Castlevania: Lament of Innocence review

Edge prepares for a Drac attack as whipping boy Belmont proves himself far from lamentable

What creature lies in the deepest dungeon? The long spiral stairway leading to a blood-splattered arena may well be the first area you investigate, but it's likely to be the last you'll unlock.

The cloying atmosphere and dingy moss-clad walls suggest this is a killing ground for a diabolical monster of ancient origin. To the left is an enormous door, enchanted with a lock to keep the creature at bay. And this being Castlevania, you just know it's just one of the secret chambers too tempting to ignore for the curious adventurer.

Konami is back on form. After the execrable Castlevania on N64, Lament of Innocence is a superb return to the principles that made the franchise so cherished during the NES and SNES eras and culminated in the magnificent Symphony of the Night on PSone. The greatest compliment that can be paid is that, like Super Mario 64 and Metroid Prime, it has achieved the rare feat of translating a finely tuned and balanced 2D experience into 3D.

While it's not as cleverly structured as the pinnacle of the series, Symphony of the Night, it resurrects that game's hallmarks of seductive exploration and satisfying topographical progress.

Lament of Innocence unearths its traditional roots from the very beginning. You play Leon Belmont on a mission to save his betrothed, Sara, who has been kidnapped and incarcerated in a vampire's castle deep in the Forest of Eternal Night. The game certainly won't win any awards for its plot exposition, or for the hammy voice acting.

Rather than furnish the player with a huge castle to investigate, Lament of Innocence is divided into five discrete levels, a decision that may dismay traditionalists. These levels can be accessed in any order from a central dais in the castle's main chamber, and this lends the game a more abstract and disjointed air. Stand on a platform and it teleports our hero to his destination. It's a less cerebral way of structuring the game, but it is not without its benefits. It's possible, for instance, to defeat the final boss in the game without having to backtrack between levels. In this respect, Lament of Innocence has got the balance right. One orb needs to be discovered in each part of the castle - collect all five and the final chapter opens up.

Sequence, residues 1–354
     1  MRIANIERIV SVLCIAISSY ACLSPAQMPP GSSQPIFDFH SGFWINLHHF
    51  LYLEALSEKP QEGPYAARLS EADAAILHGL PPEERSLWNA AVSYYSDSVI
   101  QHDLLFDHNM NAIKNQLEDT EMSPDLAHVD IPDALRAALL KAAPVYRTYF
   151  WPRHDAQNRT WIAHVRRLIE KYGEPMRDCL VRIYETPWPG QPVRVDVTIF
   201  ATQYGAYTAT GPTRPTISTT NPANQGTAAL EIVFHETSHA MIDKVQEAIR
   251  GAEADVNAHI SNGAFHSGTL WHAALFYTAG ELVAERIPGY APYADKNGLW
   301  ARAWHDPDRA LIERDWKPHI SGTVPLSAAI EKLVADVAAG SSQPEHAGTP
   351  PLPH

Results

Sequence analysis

However, longevity is considerably extended by the inclusion of locked chambers in each of the levels. The twist is that the keys to these rooms can only be found in one of the other castle interiors, a feature necessitating lengthy wandering for those who ache to attain the 100 per cent rating. Further hidden alcoves, and the castle's deepest dungeon, make this an intriguing and comprehensive package. In short, the game caters for those who want a relaxing eight-hour dungeon crawl and for the hardcore contingent intent on finding every item and examining every nook and cranny.

Furthermore, the combat in between save points is satisfying and cathartic rather than formidable and bothersome. Unsurprisingly, the whip is Leon's main weapon, though this can be augmented with a number of items. The secondary weapon attack returns (represented by the knife, holy water, axe, cross and crystal icons) and 'effect' orbs can be combined with these sub-weapons to deliver an impressive range of further magical assaults. New whip combos are added as competence increases and while the combat is never electrifying there's enough variety, both in terms of creature types and their attacks, to make the action absorbing.

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